A former Bosnian Serb army commander has been jailed by The Hague war crimes tribunal after confessing to his role in the 1995 Srebrenica massacre.
Admitting to his role in the murder of more than 7000 Muslim men and boys, Dragan Obrenovic received a sentence of 17 years imprisonment on Wednesday.
In a plea agreement made in May, Obrenovic became the second commander to come clean about his role in Europe's worst massacre since the Second World War.
Presiding judge Liu Daqun found the former army officer guilty of persecution on political, racial and religious grounds.
However, five other counts - including extermination and murder - were dismissed against the man who was at one time chief of staff of the Bosnian Army's Zvornik Brigade.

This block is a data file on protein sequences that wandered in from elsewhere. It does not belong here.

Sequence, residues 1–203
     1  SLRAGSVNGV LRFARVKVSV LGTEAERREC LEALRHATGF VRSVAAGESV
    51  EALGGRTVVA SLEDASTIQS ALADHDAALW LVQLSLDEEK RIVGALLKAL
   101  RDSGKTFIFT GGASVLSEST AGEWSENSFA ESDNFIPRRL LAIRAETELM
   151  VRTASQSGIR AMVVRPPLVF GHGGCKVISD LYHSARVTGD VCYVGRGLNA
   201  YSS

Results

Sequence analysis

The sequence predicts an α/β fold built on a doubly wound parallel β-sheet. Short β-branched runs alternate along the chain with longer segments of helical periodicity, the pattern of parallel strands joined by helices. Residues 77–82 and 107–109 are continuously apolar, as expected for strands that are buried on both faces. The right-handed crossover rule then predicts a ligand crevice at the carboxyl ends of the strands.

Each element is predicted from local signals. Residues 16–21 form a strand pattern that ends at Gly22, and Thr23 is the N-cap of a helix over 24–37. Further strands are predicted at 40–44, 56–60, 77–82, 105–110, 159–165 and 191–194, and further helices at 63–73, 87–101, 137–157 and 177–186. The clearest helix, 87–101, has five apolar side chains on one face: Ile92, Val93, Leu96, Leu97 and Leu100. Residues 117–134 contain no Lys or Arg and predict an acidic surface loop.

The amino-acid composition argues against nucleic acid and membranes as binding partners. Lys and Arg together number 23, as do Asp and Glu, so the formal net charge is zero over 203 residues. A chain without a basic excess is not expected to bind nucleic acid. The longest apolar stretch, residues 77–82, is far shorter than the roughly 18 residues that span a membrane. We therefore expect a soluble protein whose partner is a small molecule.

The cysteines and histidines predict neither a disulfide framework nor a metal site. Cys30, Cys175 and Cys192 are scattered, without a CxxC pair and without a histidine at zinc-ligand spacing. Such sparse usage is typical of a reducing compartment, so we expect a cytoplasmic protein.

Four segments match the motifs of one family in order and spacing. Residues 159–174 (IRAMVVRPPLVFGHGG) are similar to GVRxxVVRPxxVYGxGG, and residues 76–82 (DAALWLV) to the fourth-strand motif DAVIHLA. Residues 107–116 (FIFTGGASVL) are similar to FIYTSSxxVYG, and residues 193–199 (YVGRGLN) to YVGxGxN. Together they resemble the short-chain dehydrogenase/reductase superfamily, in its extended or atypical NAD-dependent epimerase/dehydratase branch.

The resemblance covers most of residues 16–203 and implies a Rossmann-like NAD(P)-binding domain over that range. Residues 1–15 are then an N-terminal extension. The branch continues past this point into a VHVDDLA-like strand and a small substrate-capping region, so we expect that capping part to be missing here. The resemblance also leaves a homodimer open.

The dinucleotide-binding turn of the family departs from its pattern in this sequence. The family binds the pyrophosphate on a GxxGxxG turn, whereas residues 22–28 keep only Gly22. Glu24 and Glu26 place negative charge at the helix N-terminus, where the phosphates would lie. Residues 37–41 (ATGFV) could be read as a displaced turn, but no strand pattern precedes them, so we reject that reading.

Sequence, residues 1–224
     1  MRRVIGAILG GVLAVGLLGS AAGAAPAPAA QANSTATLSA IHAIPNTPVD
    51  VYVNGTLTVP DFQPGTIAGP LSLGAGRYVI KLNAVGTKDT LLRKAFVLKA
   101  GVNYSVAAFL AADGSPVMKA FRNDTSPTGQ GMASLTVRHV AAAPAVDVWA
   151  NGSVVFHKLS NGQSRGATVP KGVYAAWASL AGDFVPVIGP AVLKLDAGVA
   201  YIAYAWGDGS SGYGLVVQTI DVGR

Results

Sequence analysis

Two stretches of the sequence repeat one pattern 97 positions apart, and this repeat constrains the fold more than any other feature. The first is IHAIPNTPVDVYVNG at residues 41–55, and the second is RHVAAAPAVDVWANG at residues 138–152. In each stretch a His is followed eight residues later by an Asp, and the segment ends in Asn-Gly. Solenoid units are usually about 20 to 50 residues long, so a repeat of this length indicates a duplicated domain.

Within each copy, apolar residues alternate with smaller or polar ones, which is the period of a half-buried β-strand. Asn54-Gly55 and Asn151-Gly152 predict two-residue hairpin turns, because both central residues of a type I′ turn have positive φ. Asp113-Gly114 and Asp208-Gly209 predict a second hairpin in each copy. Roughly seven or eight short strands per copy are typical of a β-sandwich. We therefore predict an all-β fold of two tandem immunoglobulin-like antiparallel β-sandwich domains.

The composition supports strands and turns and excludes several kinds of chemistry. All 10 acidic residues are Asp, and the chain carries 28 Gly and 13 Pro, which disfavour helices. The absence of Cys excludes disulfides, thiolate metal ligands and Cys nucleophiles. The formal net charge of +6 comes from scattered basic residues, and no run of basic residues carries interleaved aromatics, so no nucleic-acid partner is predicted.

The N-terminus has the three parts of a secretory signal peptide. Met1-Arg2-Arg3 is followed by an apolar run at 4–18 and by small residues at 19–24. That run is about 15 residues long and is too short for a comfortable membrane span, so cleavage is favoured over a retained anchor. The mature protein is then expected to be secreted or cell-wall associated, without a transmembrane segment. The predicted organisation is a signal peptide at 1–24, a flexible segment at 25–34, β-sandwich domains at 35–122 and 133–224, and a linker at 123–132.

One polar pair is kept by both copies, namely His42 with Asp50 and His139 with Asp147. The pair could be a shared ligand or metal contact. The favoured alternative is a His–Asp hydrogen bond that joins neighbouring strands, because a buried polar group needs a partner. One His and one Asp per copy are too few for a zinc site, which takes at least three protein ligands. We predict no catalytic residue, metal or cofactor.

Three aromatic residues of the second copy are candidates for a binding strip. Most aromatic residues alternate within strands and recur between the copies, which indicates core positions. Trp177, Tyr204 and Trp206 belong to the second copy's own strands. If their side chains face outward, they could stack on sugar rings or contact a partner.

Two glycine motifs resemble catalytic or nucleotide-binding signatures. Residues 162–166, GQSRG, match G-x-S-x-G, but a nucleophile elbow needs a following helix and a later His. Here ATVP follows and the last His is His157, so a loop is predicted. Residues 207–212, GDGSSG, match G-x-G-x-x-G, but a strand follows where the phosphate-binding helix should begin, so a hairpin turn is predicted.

More trials to come
Another Serb officer, Momir Nikolic, was jailed for 27 years this month for his role in the slaughter of Muslims after forces under his command overran the Srebrenica enclave towards the end of the 1992-95 Bosnian war.
Last Friday, General Stanislav
Galic was condemned to 20 years
Obrenovic and Nikolic are not the first to be sentenced for their role in Srebrenica by the court, nor are they likely to be the last.
Senior Bosnian Serb commander Radislav Krstic was sentenced to 46 years in jail for genocide at Srebrenica by the tribunal in a landmark verdict in 2001.
But the tribunal's two most wanted men, Bosnian Serb wartime leader Radovan Karadzic and his military commander, Ratko Mladic, still remain at large.
Both men are also accused of responsibility for the Srebrenica massacre as well as the siege of the Bosnian capital Sarajevo.